Humanitarian agencies should continue to prioritize the provision of transitional shelter for those who are able to return to their land, as well as those relocated and returning refugees. Other donor-funded housing projects will take years to complete and will not cover those most in need, such as relocated families who have not received official permits for land. Livelihood programs for vulnerable populations should focus on building communities’ capacities to engage with the private sector and strengthen market links through technical and business trainings and value addition activities. Specifically: o o o Aid agencies should build partnerships with the private sector with the aim of empowering communities and cooperatives to manage and negotiate favorable production agreements themselves. Livelihood inputs should be a supporting activity and not the primary objective of a project. Agriculture, fishing and livestock-related activities should incorporate adaptation strategies to cope with climate change and environmental damage. This could also include disaster risk management interventions at the village level. o Ensure that women and girls, as well as other vulnerable populations, have access to safe work conditions and environments and are aware of their labor rights and existing GBV services. Specialized interventions for widows and widowers households should be considered.

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o o

The Development Partners Private Sector Working Group should be expanded to increase participation of NGOs and widely disseminate best practices among donors and implementing agencies. PRM’s option for multiyear funding could be an essential tool to bridge the transition from relief to development in the livelihood in Sri Lanka. The first year of implementation could focus on market assessments and inputs, followed by a second year of value addition activities such as training to improve post-harvest handling techniques and rehabilitation of community assets, and a final year to establish and strengthen cooperatives and market linkages.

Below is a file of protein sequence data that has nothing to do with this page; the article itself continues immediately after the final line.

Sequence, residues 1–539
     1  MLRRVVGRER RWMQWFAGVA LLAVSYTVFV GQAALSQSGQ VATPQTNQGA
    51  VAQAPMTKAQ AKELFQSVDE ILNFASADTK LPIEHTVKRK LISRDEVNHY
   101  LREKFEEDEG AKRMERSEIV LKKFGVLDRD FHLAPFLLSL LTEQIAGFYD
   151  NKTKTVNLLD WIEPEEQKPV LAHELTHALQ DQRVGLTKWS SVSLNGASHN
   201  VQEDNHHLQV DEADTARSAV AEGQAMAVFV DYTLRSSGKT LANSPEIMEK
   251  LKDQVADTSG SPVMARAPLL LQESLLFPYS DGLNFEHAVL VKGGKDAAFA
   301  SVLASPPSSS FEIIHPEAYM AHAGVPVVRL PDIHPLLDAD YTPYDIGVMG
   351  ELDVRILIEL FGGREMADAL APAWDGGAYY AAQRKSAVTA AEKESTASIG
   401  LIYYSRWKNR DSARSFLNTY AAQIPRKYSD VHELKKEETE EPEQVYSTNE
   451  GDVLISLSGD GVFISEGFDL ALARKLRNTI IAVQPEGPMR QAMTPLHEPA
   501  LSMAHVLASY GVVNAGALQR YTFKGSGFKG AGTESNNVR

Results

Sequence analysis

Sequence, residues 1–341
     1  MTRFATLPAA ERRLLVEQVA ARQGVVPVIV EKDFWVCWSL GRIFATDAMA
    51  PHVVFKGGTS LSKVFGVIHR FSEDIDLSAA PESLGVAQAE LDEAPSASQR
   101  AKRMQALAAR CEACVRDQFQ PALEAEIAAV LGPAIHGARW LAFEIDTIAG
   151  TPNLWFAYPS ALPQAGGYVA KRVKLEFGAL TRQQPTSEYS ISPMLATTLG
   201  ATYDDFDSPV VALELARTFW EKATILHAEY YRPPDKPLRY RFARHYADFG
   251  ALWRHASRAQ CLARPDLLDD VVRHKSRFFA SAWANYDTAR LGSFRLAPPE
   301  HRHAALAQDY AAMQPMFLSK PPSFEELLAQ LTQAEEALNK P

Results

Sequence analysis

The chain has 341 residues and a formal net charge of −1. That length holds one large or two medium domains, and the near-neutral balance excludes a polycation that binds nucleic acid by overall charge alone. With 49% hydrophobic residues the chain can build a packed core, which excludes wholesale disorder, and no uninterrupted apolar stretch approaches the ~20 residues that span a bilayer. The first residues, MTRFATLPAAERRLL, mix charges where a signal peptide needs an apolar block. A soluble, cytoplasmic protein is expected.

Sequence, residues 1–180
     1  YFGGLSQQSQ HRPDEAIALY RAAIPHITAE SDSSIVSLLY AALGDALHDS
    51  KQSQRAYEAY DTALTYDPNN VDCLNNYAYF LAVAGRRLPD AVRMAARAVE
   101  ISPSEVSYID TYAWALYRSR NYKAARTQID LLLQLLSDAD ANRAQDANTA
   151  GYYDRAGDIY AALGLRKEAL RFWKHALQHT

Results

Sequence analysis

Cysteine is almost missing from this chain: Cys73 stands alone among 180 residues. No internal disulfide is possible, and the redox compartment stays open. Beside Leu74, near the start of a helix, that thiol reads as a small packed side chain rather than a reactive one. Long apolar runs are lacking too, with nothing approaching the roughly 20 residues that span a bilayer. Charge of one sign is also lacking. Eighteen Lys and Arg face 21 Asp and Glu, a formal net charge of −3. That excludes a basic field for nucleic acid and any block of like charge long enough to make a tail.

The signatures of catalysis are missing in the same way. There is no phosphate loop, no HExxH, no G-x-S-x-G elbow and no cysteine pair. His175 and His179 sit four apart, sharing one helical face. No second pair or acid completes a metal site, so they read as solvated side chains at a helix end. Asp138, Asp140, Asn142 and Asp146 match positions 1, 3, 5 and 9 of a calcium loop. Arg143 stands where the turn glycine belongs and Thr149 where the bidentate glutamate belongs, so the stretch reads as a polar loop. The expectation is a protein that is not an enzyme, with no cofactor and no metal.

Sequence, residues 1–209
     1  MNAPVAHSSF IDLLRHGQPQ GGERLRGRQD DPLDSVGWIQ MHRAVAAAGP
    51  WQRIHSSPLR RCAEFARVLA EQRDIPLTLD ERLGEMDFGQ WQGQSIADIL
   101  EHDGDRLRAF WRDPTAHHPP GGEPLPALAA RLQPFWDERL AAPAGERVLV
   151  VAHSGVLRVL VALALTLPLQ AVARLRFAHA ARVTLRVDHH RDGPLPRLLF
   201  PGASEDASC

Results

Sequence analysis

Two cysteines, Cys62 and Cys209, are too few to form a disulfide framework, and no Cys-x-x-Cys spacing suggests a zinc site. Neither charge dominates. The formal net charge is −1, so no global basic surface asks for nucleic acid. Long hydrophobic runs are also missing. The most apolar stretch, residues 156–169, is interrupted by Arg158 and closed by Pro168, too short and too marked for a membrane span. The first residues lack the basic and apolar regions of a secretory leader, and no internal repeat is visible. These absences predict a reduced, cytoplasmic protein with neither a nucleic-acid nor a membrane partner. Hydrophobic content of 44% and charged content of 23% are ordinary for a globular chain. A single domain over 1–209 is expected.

Development actors should ensure that implementing partners mainstream protection in all programming by increasing community awareness of their rights and the responsibilities of the duty-bearers, and training all staff and implementing partners on standard operating procedures to document and address protection incidents when they occur. Development actors should design programs based on “do no harm” analyses. Major donors – particularly India, Japan, the U.S., Australia and the European Union – should strengthen diplomatic pressure on the government of Sri Lanka to address outstanding conflict-related issues, including land occupations, disappearances, militarization of the Northern and Eastern provinces, and the centralization of power. o In addition, donors should provide small grants and training opportunities to Sri Lankan civil society, national NGOs and human rights advocacy networks to work with the media and judiciary and other national mechanisms to address the above issues. Sri Lanka has a very strong national NGO base and as the transition from relief to development continues, national NGOs should be encouraged to seek direct donor support donors to enhance their organizational capacity and sustainability. The UN should reflect on the findings of the Secretary-General’s internal review and its role in the postwar period to develop common programs to address the persisting drivers of the conflict at both the community and policy levels. In particular: o The RC/HC should leverage international pressure placed through the Human Rights Council and present a stronger, more unified stance to the government of Sri Lanka to establish a UN human rights office and ensure that the government meets its responsibility to address ongoing humanitarian and recovery issues as well as address grievances. o UNDP should develop a rule of law program to strengthen legal aid outreach to the community level, particularly on GBV, and increase policy support at the national level on key issues such as land tenure, police reform, language policy and protection of witnesses. o UNHCR should reprioritize its 2013 country program to maintain a strong focus on achieving durable solutions through advocacy and assistance for the approximately 100,000 IDPs and not just the refugees and asylum seekers within its protection mandate.